If you come across a shark on the GBR it is generally a white tip reef shark which is non-aggressive and rather shy. Larger sharks such as tigers and whalers which have been known to attack humans are rarely seen and are generally cautious of people.
Coral spawning is sometimes called “sex on the reef” as this is the time that corals release their eggs and sperm simultaneously. Some describe it as an upside-down snow storm in slow motion and it’s an impressive sight. It usually happens 4 nights after the full moon in November. A lot of critters are active at this time as the coral spawn provides a smorgasbord feast for marine dwelling creatures.
The great migration: Each winter and spring you will see individuals or pods of humpback and minke whales making their way through the waters of the GBR. These majestic creatures spend their winters in tropical waters and may grow to more than 15 metres. With their huge tail flukes they make an impressive display. Other friendly marine mammals are spinner and bottlenose dolphins who we often see riding our bow waves.
The GBRMPA is the principal adviser to the Commonwealth Government on the care and development of the marine park. It is the main aim of GBRMPA to ensure the protection, wise use, understanding and enjoyment of the GBR in perpetuity through the care and development of the park. Wavelength Reef Cruises works within the guidelines and permit regulations as set by GBRMPA to ensure the GBR can be seen and used by future generations. For more information on GBRMPA, and the management of tourism on the reef, please visit the GBRMPA website.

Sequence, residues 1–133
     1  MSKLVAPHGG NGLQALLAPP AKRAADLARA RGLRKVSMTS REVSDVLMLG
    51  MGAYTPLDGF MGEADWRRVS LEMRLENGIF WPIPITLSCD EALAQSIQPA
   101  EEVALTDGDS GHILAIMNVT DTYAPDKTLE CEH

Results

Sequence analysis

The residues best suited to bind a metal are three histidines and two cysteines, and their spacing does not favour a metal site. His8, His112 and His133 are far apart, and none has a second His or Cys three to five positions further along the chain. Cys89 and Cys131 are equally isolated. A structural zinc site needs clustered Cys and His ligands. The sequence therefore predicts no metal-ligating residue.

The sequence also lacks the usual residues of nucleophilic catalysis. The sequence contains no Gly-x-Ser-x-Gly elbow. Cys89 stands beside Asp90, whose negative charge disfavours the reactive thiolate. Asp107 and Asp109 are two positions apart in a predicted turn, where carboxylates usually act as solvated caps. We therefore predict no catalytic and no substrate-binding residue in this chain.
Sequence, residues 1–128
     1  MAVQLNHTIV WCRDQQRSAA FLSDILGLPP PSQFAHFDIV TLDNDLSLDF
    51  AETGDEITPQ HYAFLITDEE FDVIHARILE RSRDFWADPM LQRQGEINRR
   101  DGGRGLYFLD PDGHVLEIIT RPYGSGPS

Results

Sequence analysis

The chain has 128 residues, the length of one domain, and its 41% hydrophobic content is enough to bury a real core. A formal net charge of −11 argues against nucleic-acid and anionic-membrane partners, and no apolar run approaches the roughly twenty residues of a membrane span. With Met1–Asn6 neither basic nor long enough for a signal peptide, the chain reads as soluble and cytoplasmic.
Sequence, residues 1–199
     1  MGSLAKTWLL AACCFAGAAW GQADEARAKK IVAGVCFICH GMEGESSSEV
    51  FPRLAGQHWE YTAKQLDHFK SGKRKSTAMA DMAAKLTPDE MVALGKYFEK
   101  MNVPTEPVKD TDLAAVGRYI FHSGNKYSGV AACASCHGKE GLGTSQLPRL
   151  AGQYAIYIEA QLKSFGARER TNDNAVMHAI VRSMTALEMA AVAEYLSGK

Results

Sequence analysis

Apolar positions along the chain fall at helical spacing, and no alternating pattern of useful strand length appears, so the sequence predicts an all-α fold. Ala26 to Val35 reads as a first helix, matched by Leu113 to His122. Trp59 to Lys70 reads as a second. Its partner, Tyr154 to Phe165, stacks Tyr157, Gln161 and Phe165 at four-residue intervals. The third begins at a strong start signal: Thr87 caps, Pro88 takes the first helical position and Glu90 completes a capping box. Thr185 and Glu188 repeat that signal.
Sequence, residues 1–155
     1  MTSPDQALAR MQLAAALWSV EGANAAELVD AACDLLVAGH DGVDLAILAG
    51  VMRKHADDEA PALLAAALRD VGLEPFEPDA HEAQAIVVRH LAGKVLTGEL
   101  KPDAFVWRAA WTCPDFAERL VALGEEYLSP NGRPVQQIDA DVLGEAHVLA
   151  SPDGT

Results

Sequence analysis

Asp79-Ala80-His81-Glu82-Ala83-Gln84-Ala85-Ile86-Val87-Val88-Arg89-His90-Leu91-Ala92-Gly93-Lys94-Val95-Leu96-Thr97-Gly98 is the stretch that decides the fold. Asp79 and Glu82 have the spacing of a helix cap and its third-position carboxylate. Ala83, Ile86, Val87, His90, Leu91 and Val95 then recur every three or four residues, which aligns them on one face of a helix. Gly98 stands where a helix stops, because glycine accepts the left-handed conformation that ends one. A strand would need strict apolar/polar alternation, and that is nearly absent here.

Always travel with an Advanced Eco Certified tour operator!
Wavelength are passionate about the Great Barrier Reef, its protection and conservation. If you’d like to find out more about the reef and some of its caretakers, visit our links page for more information.More Info
We firmly believe that we must protect this incredible natural wonder so that future generations can experience and benefit from the beauty of the Great Barrier Reef as we do today.More Info
The global bleaching event must be taken seriously as the strongest possible reminder that we have to reduce fossil fuel use faster, and we have to develop and implement the technology of the clean energy revolution faster.More Info
Visiting the reef is still a fantastic experience and tourism contributes to the economic case to protect it, as well as making for a better informed public when it’s seen in person.More Info